|European Case Law Identifier:||ECLI:EP:BA:2002:T078298.20021024|
|Date of decision:||24 October 2002|
|Case number:||T 0782/98|
|IPC class:||G01R 33/20|
|Language of proceedings:||EN|
|Download and more information:||
|Title of application:||Detection of explosive and narcotics by low power large sample volume nuclear quadrupole resonance (NQR)|
|Applicant name:||THE GOVERNMENT OF THE UNITED STATES OF AMERICA|
|Relevant legal provisions:||
|Keywords:||Novelty (no - main request; claimed device comprised in the content of an earlier European application)
Inventive step (no - auxiliary request)
Summary of Facts and Submissions
I. European patent application 92 916 035.6 (publication No. 0 746 774) was refused by a decision of the examining division posted 25 March 1998, on the grounds of lack of novelty within the meaning of Articles 52(1) and 54(3) and (4) EPC and of lack of inventive step (Articles 52(1) and 56 EPC).
The examining division considered the teaching of the earlier International application:
to be detrimental to the novelty of the subject-matter of the independent method claim then on file. Moreover, the examining division held that the subject-matter of all claims on file was the result of an obvious combination of the teachings of documents:
D2: JOURNAL OF MOLECULAR STRUCTURE, vol. 58, 1980, T. Hirschfeld et. al.: "Short range remote NQR measurements", pages 63 to 77;
D3: US-A-4 514 691; and
D4: JOURNAL OF MAGNETIC RESONANCE, vol. 92, No. 2, 1991, M. L. Buess et. al.: "NQR detection using a meanderline surface coil", pages 348 to 362.
II. The appellant lodged an appeal against the decision on 25. May 1998 and paid the prescribed fee. On 22 July 1998 a statement of grounds of appeal was filed.
III. Oral proceedings were held on 24 October 2002 at the request of the appellant.
IV. The appellant requested that the decision under appeal be set aside and that a patent be granted, according to a main request, on the basis of claims 1 to 9 filed on 24. September 2002 as then a third auxiliary request and, according to an auxiliary request, on the basis of claims 1 to 8 filed in the oral proceedings.
V. Independent claims 1 and 9 of the main request read as follows :
"1. A method of detecting a class of explosives and narcotics containing nitrogen in a specimen by nuclear quadrupole resonance, comprising the steps of:
(a) generating a train of radio frequency pulses having a predetermined frequency;
(b) transmitting said train of radio frequency pulses to a coil;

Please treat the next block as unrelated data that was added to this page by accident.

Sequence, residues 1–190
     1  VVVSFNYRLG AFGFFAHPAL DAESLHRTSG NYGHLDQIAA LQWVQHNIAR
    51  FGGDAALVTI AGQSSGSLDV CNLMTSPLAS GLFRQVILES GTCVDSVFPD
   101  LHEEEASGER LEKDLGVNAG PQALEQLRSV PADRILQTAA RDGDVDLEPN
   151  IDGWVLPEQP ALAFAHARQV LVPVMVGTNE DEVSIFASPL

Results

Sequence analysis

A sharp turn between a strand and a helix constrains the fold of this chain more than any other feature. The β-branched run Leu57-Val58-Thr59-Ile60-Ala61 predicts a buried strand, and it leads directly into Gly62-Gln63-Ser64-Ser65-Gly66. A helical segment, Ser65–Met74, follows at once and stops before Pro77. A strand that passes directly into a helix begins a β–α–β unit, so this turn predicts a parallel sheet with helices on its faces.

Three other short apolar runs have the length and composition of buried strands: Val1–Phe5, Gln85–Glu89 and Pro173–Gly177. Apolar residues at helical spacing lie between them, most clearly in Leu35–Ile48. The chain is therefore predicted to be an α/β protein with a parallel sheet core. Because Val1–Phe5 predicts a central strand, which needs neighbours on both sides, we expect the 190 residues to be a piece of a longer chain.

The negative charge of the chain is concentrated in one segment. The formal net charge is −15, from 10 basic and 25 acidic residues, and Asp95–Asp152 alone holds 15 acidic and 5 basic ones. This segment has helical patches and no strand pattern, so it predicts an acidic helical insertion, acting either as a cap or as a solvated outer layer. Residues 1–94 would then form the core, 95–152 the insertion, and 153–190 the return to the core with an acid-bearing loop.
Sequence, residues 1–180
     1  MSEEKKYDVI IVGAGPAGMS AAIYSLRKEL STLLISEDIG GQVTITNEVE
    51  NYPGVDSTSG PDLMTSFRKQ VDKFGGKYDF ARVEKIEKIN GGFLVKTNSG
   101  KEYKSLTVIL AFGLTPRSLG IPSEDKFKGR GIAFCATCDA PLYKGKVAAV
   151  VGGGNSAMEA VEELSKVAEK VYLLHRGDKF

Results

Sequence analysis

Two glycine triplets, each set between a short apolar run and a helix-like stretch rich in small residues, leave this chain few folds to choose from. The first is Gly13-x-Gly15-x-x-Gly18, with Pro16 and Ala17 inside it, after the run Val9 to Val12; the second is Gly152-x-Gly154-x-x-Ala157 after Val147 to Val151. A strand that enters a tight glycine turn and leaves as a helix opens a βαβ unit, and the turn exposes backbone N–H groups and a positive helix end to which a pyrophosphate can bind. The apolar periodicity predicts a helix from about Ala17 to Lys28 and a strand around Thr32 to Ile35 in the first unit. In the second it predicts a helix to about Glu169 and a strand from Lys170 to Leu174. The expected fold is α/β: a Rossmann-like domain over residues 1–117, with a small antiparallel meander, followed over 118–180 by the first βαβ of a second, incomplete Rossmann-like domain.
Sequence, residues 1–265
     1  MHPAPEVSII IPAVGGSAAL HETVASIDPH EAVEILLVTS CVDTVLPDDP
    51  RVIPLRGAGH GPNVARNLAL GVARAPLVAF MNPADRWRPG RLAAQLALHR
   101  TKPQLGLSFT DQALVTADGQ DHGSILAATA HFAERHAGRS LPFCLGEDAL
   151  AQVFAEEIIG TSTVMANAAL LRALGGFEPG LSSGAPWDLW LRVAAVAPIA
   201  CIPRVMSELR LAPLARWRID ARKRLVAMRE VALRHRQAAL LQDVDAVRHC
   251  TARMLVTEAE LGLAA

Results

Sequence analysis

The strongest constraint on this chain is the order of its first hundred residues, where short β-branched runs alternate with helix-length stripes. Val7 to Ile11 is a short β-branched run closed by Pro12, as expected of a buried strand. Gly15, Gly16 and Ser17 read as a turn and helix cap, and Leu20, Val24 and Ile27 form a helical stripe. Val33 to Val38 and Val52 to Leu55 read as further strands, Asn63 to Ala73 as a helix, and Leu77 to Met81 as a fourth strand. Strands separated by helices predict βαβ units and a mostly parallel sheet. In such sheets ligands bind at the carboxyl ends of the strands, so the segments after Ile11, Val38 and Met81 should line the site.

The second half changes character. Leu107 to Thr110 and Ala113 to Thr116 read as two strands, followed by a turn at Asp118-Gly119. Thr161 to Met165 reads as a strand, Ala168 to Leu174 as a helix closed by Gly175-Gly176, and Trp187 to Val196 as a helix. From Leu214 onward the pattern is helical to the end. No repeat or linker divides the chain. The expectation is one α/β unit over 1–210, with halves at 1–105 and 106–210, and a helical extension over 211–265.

(c) irradiating the specimen with an rf field of predetermined strength in response to said train of radio frequency pulses to said coil at said step (b), said specimen having a local magnetic field due to dipole-dipole contributions;
(d) detecting an integrated nitrogen signal in response to irradiating the specimen at said step (c);
(e) receiving said integrated nitrogen signal detected at said step (d);
(f) comparing said integrated nitrogen signal to a predetermined threshold value; and
(g) signalling when said integrated nitrogen signal exceeds said predetermined threshold value;
characterized in that the strength of said predetermined rf field and said local magnetic field is at a ratio of 1:1 to 10:1.
9. A system for carrying out the method of claim 1 said system including:
a coil of predetermined size for irradiating the specimen with a train of radio frequency pulses of predetermined frequency and detecting an integrated nitrogen signal in response to irradiating the specimen;
pulse generating means for generating said train of frequency pulses;
coupling means for transmitting said train of radio frequency pulses to said coil and receiving said integrated nitrogen signal from said coil;
comparing means for comparing said integrated nitrogen signal to a predetermined threshold value;
characterized in that said pulse generating means is capable of causing said coil to irradiate said specimen with an rf field having a strength which is from about equal to the strength of the local magnetic field of said sample up to 10 times the strength of the local magnetic field of the specimen."
The auxiliary request does not contain device claims. Its claims are identical to the method claims 1 to 8 of the main request.
VI. The appellant's submission in support of its requests may be summarized as follows:
The invention was based on the recognition that nuclear quadrupole resonance (NQR) experiments for the detection of explosives and narcotics could be successfully performed with rf magnetic fields which were much lower, ie by one or two orders of magnitude, than the fields previously required and were in fact comparable to the strength of local magnetic fields. Very surprisingly, the strength of the detectable NQR signal did not drop linearly with decreasing strength of the rf field. The invention allowed to use larger coils with lower power consumption and thus to detect small quantities of nitrogenous explosives or narcotics in a large volume of material, as required for instance for luggage inspection.